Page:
Lybiidae – African barbets

This group is in between toucans and woodpackers

This family comprises the African barbets, a group of robust and stocky birds with an appearance that’s often likened to that of a plump fruit. These birds are distinctively known for their large heads and heavy bills, which are edged with bristles that aid them in foraging. They vary in size, typically ranging from 20 cm (8 inches) to 25 cm (10 inches) in length, though the group also includes the smaller tinkerbirds, such as the Red-rumped Tinkerbird, which is a mere 7 grams (0.2 ounces) in weight and measures around 9 cm (3.5 inches) in length.

African barbets are mostly solitary, with a diet that includes a wide variety of insects and fruits, making them an important part of the ecological web as pollinators and seed dispersers. These birds are particularly fond of figs and other fruit-bearing trees and shrubs, and their diverse diet means a single barbet may feast on up to 60 different species of plants within its range. This diverse diet is crucial for their survival, especially in habitats where food sources may fluctuate seasonally.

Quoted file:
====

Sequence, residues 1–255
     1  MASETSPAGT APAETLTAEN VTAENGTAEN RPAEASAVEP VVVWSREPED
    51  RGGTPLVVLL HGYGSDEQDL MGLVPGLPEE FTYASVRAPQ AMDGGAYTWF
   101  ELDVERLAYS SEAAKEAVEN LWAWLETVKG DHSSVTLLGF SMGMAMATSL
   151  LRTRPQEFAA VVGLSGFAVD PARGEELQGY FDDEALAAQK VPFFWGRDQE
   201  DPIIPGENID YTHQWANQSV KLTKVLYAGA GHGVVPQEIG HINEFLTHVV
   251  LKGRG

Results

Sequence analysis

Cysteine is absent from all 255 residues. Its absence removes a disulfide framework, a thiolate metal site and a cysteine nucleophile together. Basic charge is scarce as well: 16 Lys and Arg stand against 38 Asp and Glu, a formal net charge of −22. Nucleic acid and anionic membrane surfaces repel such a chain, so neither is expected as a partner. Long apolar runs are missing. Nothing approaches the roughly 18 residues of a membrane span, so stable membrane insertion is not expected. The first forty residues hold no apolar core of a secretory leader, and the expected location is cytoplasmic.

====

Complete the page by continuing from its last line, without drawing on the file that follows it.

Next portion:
In addition to natural fruit sources, African barbets are also known to venture into farmlands, where they indulge in cultivated fruits and vegetables. This behavior can bring them into conflict with farmers, but it also underscores the adaptability of these birds to changing environments.

When consuming fruit, barbets swallow it whole and later regurgitate indigestible parts, such as seed pits. This regurgitation often occurs before their vocal performances, which consist of a variety of calls and songs that are as colorful and vibrant as the birds themselves. These vocalizations serve multiple purposes, including mate attraction, territorial defense, and communication within the species.